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Grand Opening: An Up-Close Look at the Monarch's Metamorphosis

Sat, 04/24/2021 - 09:13
The fuzzy texture of its body and wings can be seen up close before the butterfly takes off on its migratory journey.
Sarah Alford photos

Last summer, I cared for several dozen future butterflies that were raised in a Monarch Waystation garden in Bridgehampton. Created by Cindy Warne, the garden provides milkweed for caterpillars and nectar-rich plants for butterflies once they emerge from their chrysalids.

The nearly opaque jade-green chrysalis offered a hint of what was inside, as the patterns of the butterfly's wings slowly revealed themselves. In fewer than 14 days, what started as a striped caterpillar transformed into a winged beauty, with spots and swirls on thin wings that are strong enough to fly thousands of miles south to migrate in the fall.

The monarch population has diminished in the United States, whereas they flourish in other parts of the world. Habitat loss, lack of milkweed (the sole host plant for monarch caterpillars), pesticides, and lack of pollinator flowers along the fall migratory route endanger their lives. Organizations including Monarch Watch and Pollinator Pathways work to support them. Local gardeners can do the same by planting milkweed at home.

The transformation was so quick and quiet that I missed several while standing nearby. With renewed determination, I waited near the last few chrysalids and glanced over frequently with hopes of catching one in the act.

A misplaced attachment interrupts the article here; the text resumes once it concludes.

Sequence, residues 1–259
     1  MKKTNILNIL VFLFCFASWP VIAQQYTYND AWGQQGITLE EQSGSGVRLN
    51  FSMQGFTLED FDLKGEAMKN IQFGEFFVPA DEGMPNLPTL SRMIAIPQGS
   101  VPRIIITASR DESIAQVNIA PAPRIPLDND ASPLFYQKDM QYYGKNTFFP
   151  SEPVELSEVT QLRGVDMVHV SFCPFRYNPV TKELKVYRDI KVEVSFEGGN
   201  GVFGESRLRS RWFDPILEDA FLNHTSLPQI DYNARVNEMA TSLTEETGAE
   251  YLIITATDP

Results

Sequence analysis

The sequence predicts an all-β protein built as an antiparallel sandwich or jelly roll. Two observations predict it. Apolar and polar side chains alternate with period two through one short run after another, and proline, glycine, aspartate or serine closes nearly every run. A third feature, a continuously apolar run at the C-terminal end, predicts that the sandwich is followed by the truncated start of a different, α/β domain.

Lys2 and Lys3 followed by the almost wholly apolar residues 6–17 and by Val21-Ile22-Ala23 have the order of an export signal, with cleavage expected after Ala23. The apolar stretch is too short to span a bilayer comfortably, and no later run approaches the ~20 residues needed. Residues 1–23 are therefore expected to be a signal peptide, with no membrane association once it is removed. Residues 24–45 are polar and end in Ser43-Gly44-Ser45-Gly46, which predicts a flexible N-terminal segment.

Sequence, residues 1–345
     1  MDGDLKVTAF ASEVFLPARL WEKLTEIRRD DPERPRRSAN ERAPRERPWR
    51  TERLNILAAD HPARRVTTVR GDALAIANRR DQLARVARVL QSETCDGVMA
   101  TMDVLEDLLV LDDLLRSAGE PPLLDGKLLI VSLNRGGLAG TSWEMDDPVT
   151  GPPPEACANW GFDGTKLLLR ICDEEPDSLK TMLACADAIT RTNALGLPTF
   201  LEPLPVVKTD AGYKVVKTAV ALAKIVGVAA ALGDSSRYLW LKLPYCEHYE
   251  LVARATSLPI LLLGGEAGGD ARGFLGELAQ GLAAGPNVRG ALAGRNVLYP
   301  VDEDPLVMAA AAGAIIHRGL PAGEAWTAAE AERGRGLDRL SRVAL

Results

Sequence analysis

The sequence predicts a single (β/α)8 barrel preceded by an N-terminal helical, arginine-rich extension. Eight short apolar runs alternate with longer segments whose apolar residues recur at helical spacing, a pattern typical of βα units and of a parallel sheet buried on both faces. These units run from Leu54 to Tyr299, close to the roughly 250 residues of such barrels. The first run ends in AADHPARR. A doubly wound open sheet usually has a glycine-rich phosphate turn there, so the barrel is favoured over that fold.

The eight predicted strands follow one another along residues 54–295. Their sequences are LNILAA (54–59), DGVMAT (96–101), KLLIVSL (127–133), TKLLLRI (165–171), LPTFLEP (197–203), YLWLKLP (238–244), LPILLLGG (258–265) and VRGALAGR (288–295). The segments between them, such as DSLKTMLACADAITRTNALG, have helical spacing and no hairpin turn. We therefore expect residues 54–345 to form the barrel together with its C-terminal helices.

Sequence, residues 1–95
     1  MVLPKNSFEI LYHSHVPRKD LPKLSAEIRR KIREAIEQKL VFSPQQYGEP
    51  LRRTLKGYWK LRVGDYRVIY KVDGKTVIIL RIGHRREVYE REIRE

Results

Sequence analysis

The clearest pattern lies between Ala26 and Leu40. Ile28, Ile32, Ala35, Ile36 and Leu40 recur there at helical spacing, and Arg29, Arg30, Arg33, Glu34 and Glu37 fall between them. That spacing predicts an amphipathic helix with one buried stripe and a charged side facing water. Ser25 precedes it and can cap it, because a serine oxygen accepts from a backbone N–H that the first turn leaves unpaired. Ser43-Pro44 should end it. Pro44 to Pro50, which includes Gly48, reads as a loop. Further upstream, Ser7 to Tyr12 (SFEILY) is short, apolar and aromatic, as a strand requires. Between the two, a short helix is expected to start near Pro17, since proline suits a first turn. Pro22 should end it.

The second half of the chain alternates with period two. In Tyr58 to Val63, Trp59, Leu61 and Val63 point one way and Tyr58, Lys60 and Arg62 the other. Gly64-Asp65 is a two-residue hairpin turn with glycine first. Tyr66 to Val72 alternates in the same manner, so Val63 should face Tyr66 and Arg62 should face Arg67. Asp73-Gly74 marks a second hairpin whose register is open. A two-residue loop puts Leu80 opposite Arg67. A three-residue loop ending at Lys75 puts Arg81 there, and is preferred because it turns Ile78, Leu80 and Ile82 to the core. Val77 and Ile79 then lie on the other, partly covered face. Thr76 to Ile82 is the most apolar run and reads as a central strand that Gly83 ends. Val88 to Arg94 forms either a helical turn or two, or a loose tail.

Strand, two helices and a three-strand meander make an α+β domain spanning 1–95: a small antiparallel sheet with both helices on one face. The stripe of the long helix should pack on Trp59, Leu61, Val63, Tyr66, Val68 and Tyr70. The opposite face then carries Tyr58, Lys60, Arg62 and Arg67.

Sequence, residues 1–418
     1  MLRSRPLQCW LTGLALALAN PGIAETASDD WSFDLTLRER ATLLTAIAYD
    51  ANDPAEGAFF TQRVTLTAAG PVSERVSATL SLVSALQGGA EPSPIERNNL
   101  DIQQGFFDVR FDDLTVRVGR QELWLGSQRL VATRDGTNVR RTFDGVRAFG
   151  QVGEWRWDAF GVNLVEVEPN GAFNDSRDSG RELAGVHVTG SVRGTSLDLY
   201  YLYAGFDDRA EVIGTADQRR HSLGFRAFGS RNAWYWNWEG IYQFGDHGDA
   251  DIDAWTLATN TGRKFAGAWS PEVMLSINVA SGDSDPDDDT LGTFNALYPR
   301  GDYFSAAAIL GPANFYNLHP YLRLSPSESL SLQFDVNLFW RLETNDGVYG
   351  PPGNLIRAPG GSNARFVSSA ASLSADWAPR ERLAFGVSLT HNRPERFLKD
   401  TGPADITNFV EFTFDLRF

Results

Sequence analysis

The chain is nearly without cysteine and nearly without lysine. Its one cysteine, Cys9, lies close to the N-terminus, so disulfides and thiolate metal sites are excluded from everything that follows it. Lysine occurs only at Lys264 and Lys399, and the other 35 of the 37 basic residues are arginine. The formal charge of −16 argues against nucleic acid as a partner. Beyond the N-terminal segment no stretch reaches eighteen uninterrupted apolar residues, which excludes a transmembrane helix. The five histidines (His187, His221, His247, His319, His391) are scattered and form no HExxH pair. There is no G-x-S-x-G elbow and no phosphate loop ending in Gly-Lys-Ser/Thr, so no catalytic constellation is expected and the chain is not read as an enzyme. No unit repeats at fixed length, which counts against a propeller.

The monarch butterfly in its chrysalid, an opaque covering from which the butterfly will soon emerge.

A thin crack grew along the clear shell as the butterfly pushed out and extended its lanky legs. Its wings appeared tightly pleated, like an overpacked suitcase. Freeing itself from the chrysalis, the butterfly swished gently side to side as it loosened the wrinkles in its crumpled wings. Meanwhile, it unfurled the two halves of its proboscis, a curled tube that absorbs nectar from flowers. Within minutes, its wings were miraculously flat. The two black dots on the orange pattern indicate it's a male. He rested overnight, hanging upside down to dry his wings before a first flight and meal in the garden.

Watching his wings move tentatively, and then strongly enough to lift him up, filled me with awe — considering only two weeks ago his world was a milkweed plant rooted in the earth. Soaring above the garden, nature's marvel inspires the possibility of unexpected change.

Once it emerges, the monarch unfurls its wings and connects the two halves of its proboscis.

Sarah Alford is a freelance writer, photographer, gardener, and sailor. She lives in Sag Harbor.

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